Nose: PayDay candy bar, butterscotch drizzle, salted caramel, honey-roasted nuts, baked brown sugar, nutmeg, faint molasses

Taste: (creamy mouthfeel) thick vanilla syrup, candied peanuts, “fancy caramel box chocolates,” sweet oak char, heady cream soda

Finish: medium-long & earthy sweet – nutty toffee, charred oak, chocolate orange, licorice, light tobacco, hints of herbal spice & pepper

Overall: Enticingly sweet, but far from cloying or artificial, barrel #20-0689 is about as close as you’ll get to a PayDay candy bar in liquid form. And while it’s loaded with salty nuttiness, it’s more of a candied nut vibe, not the oft-referenced “peanut funk” found in Jim Beam expressions like Booker’s. And that’s probably my favorite thing about this Russell’s Reserve Single Barrel selection – it stands apart from Wild Turkey G barrels of the past. While I would’ve loved to capture that 2016-2017 fifth-floor “Coca-Cola magic,” I accept the beauty of a comparatively different profile. It’s exactly what a single barrel whiskey should represent – a quality variant rooted in the brand’s signature form.

“Granny’s Spice Rack”

Granny's Spice Rack

Russell’s Reserve Single Barrel Bourbon (barrel #20-0884, a/k/a “Granny’s Spice Rack,” rickhouse S, floor 5) – selected by Justins’ House of Bourbon & Rare Bird 101 – 110-proof, non-chill filtered KSBW – aged eight years, eleven months – distilled and bottled by the Wild Turkey Distilling Co., Lawrenceburg, KY

Tasted neat in a Glencairn after a few minutes rest …

Color: copper

Nose: (fragrant, inviting) woody vanilla, dark citrus zest, maple/cedar-esque oak, brown sugar, dense herbal/baking spice (sweet basil, thyme, cinnamon, pepper, etc.)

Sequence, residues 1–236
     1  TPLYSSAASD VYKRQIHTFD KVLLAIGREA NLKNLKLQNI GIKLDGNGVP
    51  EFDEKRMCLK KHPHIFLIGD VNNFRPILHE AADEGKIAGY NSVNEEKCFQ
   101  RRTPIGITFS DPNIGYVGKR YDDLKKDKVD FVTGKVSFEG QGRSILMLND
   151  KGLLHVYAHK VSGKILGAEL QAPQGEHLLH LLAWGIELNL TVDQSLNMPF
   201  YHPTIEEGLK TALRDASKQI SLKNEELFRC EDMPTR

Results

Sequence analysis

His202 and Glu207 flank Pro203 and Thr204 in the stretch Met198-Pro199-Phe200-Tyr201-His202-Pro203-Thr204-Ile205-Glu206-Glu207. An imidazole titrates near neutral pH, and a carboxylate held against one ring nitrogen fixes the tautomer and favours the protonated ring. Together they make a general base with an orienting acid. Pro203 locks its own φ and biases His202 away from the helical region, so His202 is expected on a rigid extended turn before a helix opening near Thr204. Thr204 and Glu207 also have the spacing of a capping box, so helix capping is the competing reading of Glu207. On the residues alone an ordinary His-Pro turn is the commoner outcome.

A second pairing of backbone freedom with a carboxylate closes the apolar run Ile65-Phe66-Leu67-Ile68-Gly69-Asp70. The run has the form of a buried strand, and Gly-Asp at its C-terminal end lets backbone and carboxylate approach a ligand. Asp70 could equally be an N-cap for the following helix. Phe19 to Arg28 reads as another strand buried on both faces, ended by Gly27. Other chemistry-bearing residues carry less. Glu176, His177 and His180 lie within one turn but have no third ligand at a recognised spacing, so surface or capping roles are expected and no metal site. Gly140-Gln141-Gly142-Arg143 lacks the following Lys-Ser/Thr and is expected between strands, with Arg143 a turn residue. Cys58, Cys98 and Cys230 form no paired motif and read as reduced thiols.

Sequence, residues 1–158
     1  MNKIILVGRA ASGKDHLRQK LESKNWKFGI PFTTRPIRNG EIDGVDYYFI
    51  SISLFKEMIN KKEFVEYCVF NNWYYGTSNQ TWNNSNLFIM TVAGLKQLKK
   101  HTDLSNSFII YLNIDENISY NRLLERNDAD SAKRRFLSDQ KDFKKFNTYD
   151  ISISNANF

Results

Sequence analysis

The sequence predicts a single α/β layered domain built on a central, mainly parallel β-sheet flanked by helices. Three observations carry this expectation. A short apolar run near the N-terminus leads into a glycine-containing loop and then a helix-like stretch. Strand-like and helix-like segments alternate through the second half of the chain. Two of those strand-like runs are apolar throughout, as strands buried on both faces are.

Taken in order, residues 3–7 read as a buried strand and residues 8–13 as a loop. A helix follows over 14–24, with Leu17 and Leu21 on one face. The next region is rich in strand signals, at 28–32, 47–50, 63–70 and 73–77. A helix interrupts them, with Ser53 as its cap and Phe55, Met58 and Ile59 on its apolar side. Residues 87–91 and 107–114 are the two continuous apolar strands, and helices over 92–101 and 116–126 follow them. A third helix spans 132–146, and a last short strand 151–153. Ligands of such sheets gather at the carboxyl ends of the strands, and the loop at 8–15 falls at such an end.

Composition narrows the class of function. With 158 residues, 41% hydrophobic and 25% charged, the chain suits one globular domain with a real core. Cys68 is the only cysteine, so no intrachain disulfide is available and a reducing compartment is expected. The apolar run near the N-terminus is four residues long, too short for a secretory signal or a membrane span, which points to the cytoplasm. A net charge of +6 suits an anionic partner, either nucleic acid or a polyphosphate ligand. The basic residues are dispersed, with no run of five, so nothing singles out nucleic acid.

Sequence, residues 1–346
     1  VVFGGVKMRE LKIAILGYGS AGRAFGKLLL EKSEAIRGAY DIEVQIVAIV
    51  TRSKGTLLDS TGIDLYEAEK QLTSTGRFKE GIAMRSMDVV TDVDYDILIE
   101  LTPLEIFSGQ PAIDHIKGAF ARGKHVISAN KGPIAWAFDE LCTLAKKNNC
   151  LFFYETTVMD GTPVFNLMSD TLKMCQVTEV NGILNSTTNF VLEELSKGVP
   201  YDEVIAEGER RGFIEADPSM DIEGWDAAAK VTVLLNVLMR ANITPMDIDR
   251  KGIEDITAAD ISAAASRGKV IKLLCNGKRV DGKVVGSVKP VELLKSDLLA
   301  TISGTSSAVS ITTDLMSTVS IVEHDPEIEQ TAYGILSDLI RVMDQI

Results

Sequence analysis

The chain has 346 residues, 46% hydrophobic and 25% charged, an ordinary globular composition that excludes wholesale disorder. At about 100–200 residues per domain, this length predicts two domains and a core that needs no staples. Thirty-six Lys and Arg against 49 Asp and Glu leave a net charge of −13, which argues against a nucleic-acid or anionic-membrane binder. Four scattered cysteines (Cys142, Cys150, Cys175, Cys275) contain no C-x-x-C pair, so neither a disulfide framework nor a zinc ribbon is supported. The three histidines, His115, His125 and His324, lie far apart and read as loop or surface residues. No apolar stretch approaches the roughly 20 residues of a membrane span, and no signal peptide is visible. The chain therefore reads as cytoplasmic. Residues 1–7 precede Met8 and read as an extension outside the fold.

Taste: spiced gumdrops, peppery caramel, burnt toffee, charred oak, nutmeg, clove, fizzy cola, leather, hints of Red Zinger herbal tea

Finish: medium-long w/ layered spice – sassafras, ginger, clove, toasted vanilla, potpourri-like oak, diminishing black licorice & fresh mint

Overall: Looking for fragrant spice? Look no more. “Granny’s Spice Rack” has you covered! Yet, as spice-laden as barrel #20-0884 may be, it remains balanced – offset by caramel, toffee, ripe zesty citrus, and toasted vanilla. It’s a unique bourbon in comparison to the vast majority of Wild Turkey single barrels out there. I’ve tasted similar traits in certain rickhouse T Russell’s Reserve selections, as well as a few from H and Q, but none quite like “Granny’s Spice Rack.” And speaking of that moniker, I just noticed I employed that very same descriptor for the Atlanta Bourbon Society’s “The S Files.” They are kindred spirits, of course. (whistles the X-files theme song)

In Closing

All said and done, I’m wholeheartedly thrilled with these two bourbons. While I would’ve loved to have tasted them simultaneously alongside Ryan, Justin, Eddie, and Bruce, I understand that sacrifices had to be made. I’m just grateful for the opportunity, and as such owe significant appreciation to Dom Alcocer, Eddie Russell, Dan Lally, the fine folks at Justins’ House of Bourbon, and Russell’s Renegades. Without these individuals assistance and support, these barrel selections would’ve never happened (especially in such little time). My sincerest thanks to each and every one of you.